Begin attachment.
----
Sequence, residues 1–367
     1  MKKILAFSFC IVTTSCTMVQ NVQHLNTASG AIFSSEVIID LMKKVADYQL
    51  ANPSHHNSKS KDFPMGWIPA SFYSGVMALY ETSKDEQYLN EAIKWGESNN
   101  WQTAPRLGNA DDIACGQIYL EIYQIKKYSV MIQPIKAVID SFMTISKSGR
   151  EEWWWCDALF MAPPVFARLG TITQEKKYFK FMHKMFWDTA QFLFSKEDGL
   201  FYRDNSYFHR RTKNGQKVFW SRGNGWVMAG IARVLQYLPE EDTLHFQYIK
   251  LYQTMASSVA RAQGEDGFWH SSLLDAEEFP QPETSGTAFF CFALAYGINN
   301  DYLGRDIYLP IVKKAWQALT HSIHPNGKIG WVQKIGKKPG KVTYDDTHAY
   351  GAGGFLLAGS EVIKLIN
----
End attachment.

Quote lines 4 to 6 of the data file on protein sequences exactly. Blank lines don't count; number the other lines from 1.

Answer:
   101  WQTAPRLGNA DDIACGQIYL EIYQIKKYSV MIQPIKAVID SFMTISKSGR
   151  EEWWWCDALF MAPPVFARLG TITQEKKYFK FMHKMFWDTA QFLFSKEDGL
   201  FYRDNSYFHR RTKNGQKVFW SRGNGWVMAG IARVLQYLPE EDTLHFQYIK